Dilaudid, Hydromorphone
Dilaudid, Hydromorphone Newswire

Dilaudid, Hydromorphone Newswire

Comprehensive Real-Time News Feed for Dilaudid, Hydromorphone (generic).

Results 1 - 20 of 739 in Dilaudid, Hydromorphone (generic)

  1. Supreme Court ruling's effect on Ohio's execution method unclearRead the original story w/Photo

    Tuesday Jun 30 | Norwalk Reflector

    It remains to be seen what, if any, effect Monday's U.S. Supreme Court ruling upholding Oklahoma's method of lethal injection will have on how Ohio executes inmates. In a 5-4 ruling, the court determined that it was not unconstitutionally cruel and unusual punishment for Oklahoma to use the sedative midazolam as part of its execution process.

    Comment?

  2. How states are responding to the Supreme Courta s lethal injection decisionRead the original story w/Photo

    Wednesday Jul 1 | The Washington Post

    In the days that followed the ruling, even with an ongoing shortage of lethal injection drugs , there did not appear to be a rush on the part of states to adopt midazolam. This is not terribly unsurprising, as experts said after the ruling that it wasn't as if the Supreme Court ruling urged every state to use midazolam.

    Comment?

  3. Man Arrested After Drug Sting OperationRead the original story w/Photo

    Wednesday Jul 1 | WJHG-TV Panama City

    Back in March members of the Sheriff's Office were investigating a drug operation that was said to be led by 29-year old Kim Gibson. Last week the Sheriff's Office Narcotics Unit conducted a sting operation where they purchased 20 grams of suspected hydromorphone tablets from Gibson.

    Comment?

  4. Some charges dropped in Maine nurse drug diversion caseRead the original story w/Photo

    Wednesday Jul 1 | Foster's Daily Democrat

    A judge has determined that two of three charges against a nurse accused of diverting drugs at a New Hampshire hospital lack the probable cause to go forward in court. The Concord Monitor reports 47-year-old Kerry Bridges of Warren, Maine, was arrested this month and charged with illegal possession of morphine and hydromorphone while she was working at Concord Hospital's emergency department between March and May. A judge determined that the state hadn't proved probable cause in the charges relating to hydromorphone, but did in the morphine case.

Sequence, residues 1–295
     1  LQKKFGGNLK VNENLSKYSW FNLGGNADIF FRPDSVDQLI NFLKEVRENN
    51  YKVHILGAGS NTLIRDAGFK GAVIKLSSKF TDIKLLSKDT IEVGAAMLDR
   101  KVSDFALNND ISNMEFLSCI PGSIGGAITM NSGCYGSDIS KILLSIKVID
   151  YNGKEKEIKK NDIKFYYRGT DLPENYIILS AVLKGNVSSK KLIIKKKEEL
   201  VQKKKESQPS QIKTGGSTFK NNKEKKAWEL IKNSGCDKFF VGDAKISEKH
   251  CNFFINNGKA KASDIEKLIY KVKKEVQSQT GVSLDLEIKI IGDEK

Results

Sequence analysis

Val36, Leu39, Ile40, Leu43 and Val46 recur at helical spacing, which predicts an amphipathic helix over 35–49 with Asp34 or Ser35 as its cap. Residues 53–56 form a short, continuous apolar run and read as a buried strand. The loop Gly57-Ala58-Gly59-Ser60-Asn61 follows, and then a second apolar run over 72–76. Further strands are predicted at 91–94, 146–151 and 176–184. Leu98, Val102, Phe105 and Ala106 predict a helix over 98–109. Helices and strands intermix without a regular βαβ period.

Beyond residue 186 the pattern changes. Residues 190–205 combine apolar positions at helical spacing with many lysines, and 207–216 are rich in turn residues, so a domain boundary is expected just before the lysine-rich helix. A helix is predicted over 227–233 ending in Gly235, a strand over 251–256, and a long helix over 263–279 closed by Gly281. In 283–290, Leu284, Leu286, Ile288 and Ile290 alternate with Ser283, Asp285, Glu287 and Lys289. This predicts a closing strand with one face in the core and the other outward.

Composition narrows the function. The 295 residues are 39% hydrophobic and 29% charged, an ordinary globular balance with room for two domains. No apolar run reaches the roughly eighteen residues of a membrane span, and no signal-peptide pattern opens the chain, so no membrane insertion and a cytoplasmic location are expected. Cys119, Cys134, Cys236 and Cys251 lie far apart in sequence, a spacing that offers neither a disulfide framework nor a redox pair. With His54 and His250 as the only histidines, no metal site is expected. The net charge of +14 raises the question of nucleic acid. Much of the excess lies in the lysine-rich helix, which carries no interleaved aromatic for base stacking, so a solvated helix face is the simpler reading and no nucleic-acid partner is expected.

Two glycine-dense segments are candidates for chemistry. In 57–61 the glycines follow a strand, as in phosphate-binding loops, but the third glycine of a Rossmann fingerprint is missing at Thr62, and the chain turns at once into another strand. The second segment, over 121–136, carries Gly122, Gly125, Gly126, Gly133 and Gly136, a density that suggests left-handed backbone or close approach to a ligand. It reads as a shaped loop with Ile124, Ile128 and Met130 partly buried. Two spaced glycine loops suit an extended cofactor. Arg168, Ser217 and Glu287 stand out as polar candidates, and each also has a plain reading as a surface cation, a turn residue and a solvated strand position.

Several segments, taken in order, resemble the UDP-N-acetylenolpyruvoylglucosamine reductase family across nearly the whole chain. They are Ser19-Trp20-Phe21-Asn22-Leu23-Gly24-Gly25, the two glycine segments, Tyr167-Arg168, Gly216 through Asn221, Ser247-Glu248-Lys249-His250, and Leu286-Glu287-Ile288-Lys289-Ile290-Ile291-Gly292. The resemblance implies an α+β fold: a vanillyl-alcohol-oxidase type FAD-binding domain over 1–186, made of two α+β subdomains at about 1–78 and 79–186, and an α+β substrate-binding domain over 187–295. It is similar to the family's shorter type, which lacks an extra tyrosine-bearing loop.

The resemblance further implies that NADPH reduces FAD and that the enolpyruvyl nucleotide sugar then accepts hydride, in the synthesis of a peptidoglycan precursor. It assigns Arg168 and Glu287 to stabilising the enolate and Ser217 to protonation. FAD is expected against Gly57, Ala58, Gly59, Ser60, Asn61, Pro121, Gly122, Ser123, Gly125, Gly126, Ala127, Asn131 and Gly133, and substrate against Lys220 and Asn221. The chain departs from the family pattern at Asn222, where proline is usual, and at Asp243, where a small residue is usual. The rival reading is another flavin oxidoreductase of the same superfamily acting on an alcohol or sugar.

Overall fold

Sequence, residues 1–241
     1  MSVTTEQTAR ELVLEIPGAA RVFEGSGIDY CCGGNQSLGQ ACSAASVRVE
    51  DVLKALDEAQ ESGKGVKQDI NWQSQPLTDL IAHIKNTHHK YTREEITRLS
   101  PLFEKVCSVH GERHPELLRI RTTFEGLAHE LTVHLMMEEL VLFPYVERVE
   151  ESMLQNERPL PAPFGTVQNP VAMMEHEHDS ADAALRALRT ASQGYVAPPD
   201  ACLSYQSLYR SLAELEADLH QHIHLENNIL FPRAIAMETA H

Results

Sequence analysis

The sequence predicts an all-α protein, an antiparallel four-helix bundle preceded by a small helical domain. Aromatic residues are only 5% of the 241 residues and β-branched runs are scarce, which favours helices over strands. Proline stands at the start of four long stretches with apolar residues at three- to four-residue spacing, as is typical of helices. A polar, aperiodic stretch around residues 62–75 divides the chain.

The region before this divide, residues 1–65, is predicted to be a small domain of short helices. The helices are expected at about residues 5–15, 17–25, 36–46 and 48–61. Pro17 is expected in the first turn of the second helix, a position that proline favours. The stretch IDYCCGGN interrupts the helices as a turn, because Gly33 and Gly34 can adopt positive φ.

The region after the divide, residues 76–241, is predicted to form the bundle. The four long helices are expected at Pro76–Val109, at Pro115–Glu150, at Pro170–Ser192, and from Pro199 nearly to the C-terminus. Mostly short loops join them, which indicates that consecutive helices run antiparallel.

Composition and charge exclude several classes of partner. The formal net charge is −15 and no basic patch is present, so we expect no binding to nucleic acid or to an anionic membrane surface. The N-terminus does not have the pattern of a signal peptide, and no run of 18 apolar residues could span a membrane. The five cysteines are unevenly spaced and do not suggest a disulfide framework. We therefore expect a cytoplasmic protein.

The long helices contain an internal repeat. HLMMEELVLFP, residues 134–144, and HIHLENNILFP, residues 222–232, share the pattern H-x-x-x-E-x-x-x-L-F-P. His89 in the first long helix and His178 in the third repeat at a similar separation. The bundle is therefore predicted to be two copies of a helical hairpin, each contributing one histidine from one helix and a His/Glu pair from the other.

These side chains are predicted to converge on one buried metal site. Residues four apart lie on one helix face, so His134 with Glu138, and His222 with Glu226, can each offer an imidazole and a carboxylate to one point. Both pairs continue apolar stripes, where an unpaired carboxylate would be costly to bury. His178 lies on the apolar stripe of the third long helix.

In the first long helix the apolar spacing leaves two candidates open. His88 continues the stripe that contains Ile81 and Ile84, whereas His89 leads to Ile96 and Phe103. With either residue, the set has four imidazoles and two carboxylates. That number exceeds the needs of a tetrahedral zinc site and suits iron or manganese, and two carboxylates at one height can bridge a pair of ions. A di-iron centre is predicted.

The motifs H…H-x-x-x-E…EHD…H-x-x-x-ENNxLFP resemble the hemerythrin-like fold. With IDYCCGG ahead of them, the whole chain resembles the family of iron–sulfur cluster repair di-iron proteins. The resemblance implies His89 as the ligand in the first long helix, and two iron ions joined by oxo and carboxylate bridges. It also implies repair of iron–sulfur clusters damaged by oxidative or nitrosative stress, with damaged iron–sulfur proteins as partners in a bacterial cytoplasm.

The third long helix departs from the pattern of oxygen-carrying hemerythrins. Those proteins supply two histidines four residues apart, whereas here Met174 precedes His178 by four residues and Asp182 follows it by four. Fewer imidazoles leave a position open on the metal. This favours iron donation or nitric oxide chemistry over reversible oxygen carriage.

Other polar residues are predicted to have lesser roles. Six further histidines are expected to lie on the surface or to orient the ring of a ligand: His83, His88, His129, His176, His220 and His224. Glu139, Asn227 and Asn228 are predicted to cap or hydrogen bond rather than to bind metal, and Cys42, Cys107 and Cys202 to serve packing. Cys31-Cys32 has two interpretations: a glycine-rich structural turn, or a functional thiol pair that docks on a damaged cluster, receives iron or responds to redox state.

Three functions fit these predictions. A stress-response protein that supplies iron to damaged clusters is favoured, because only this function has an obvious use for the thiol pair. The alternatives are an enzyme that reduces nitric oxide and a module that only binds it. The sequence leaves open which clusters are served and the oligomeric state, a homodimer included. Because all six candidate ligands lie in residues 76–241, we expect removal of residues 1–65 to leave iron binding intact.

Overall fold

Comment?

  5. Judge rules two out of three charges against Concord Hospital nurse...Read the original story w/Photo

    Tuesday Jun 30 | Concord Monitor

    A district court judge in Concord determined Tuesday that two of three felony charges against a traveling nurse accused of pocketing narcotics from Concord Hospital lacked probable cause to go forward. Kerry Bridges, 47, of Warren, Maine, was arrested June 12 and charged with illegal possession of hydromorphone and morphine during the time she worked in the emergency department of Concord Hospital, between March 27 and May 1. One charge will be bound over to superior court, after Judge John Coughlin determined the burden of probable cause had been met by the state.

    Comment?

  6. Man accused of trafficking opiatesRead the original story w/Photo

    Tuesday Jun 30 | Northwest Florida Daily News

    A 29-year-old Miami man is charged with using a cell phone to facilitate drug deals while trafficking in opiates.

    Comment?

  7. Supreme Court ruling's effect on Ohio's execution method unclearRead the original story w/Photo